To own land as private property, one has to "homestead" it - usually, this means cultivate it in one way or another. What if someone wanted to establish a nature reserve in untouched wilderness? Would this be possible? How would one go about acquring the land, given that cultivating it in any traditional sense would seem to be self-defeating given the purpose? Is there a way, or is "untouched wilderness" simply not protectable by private means under a proper political system?
Ostensibly, the central topic of this question is how original ownership of previously unowned natural resources is established under capitalism. On a deeper level, the question also raises the issue of whether or not "untouched wilderness" is a significant value for man, which capitalism might undermine or destroy.
Regarding original ownership, the "homestead" idea ("cultivating" the land) isn't quite the whole story, in the Objectivist view. The main article where Ayn Rand discusses this is in Capitalism: The Unknown Ideal, Chapter 10, "The Property Status of Airwaves." The article begins with the following general principle:
Any material element or resource which, in order to become of use or value to men, requires the aplication of human knowledge and effort, should be private property -- by the right of those who apply the knowledge and effort.
There are multiple possible ways to accomplish private ownership, depending on the context. In the case of broadcast frequencies ("airwaves"), the article explains:
The only way to do it now [after so many decades of development without ownership] is to sell radio and television frequencies to the highest bidders (by an objectively defined, open, impartial process)....
If one were to do that with land, anyone who could afford the cost could buy a plot of land and let it return to a state of nature, as long as it can be done without creating hazards or risks to neighboring landowners, such as from wild animals living on the property or a serious fire hazard, etc. Even land that has been paved over and built upon can have the buildings torn down and the pavement ripped up to reveal the bare ground underneath. Over time, vegetation would be likely to grow naturally, although there might not be enough naturally occurring rain to sustain a forest. "Untouched nature" includes deserts as well as jungles.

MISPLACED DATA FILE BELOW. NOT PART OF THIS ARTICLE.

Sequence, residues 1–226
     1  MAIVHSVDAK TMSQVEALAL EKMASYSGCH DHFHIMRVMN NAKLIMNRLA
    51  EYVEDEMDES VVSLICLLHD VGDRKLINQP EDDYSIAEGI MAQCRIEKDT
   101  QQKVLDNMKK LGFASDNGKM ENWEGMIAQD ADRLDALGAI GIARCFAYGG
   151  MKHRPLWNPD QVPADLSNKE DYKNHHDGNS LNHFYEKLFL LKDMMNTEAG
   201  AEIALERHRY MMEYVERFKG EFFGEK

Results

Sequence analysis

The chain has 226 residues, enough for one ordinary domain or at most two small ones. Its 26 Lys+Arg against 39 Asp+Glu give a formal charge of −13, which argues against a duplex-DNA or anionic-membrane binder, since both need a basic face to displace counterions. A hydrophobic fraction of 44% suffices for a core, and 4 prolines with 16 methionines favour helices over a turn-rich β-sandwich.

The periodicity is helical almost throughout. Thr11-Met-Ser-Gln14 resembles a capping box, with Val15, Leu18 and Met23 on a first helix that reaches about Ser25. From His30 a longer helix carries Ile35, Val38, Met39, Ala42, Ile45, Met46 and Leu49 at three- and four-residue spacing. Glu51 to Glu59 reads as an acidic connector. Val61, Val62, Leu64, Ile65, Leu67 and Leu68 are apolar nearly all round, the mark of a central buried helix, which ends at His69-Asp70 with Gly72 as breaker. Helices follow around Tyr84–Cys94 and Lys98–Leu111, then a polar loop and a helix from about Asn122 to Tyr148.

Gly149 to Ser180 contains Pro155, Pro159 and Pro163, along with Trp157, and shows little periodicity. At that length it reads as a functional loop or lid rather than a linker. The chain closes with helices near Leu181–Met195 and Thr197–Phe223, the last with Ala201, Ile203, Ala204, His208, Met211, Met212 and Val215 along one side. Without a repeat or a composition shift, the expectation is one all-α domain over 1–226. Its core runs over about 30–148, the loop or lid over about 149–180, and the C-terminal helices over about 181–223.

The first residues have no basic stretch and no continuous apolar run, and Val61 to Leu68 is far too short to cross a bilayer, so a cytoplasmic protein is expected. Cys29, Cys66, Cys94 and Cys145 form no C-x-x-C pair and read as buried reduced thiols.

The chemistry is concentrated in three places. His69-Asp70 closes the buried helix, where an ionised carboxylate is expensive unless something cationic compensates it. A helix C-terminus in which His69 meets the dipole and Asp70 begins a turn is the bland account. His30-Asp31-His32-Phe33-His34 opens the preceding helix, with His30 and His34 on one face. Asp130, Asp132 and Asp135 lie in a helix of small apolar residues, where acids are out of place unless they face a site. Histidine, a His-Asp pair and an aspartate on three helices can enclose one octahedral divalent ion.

Ayn Rand's article also discusses the Homestead Act of 1862 as a model of how to establish original ownership in more primitive, sparsely populated areas, where the land is initially entirely undeveloped in any form:
The government offered a 160-acre farm to any adult citizen who would settle on it and cultivate it for five years, after which it would become his property.
Note the importance of recognizing "the application of human knowledge and effort" in establishing original ownership. Simply marking off 160 acres to remain in their original natural state (untouched by man) would not qualify, and rightly so, for without some kind of effort (or purchase from a prior owner), anyone could claim large plots of land and simply hold them for long periods of time as speculators, waiting for others to come along who would be interested in buying the land for development. Furthermore, land is of very little value to man unless he is allowed to develop it in some way, such as to live on, or to build office space or a factory or sports field or amusement park, etc. Even typical community parks usually require maintenance and basic development to make them more appealing and accessible to human visitors and campers. An entrepreneur could charge admission. (Governments frequently charge admission, too, to help defray the cost of maintaining government-run parks. But such parks don't qualify as "nature reserves in untouched wilderness.")